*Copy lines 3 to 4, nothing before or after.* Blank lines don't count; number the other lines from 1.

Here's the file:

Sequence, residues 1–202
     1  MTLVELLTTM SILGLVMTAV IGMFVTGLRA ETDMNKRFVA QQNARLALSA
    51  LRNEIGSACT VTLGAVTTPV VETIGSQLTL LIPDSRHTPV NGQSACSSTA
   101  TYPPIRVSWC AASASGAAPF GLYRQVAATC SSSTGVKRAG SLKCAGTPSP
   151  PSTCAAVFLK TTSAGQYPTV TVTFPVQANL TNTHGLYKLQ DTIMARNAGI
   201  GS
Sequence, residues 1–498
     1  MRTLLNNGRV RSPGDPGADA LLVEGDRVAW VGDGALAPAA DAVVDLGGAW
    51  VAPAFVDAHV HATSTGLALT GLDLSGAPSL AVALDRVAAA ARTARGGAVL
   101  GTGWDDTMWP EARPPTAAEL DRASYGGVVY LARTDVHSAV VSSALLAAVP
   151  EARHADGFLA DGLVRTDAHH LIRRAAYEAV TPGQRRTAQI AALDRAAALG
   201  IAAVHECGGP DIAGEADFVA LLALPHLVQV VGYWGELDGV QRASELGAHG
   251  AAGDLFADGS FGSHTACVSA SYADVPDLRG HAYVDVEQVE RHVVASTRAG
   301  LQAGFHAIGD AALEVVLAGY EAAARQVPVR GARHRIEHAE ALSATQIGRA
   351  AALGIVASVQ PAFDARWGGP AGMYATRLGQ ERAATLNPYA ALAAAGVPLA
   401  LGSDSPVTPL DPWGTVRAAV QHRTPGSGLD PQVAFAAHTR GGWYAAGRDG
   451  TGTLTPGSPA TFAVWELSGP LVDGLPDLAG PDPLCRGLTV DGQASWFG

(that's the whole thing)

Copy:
    51  LRNEIGSACT VTLGAVTTPV VETIGSQLTL LIPDSRHTPV NGQSACSSTA
   101  TYPPIRVSWC AASASGAAPF GLYRQVAATC SSSTGVKRAG SLKCAGTPSP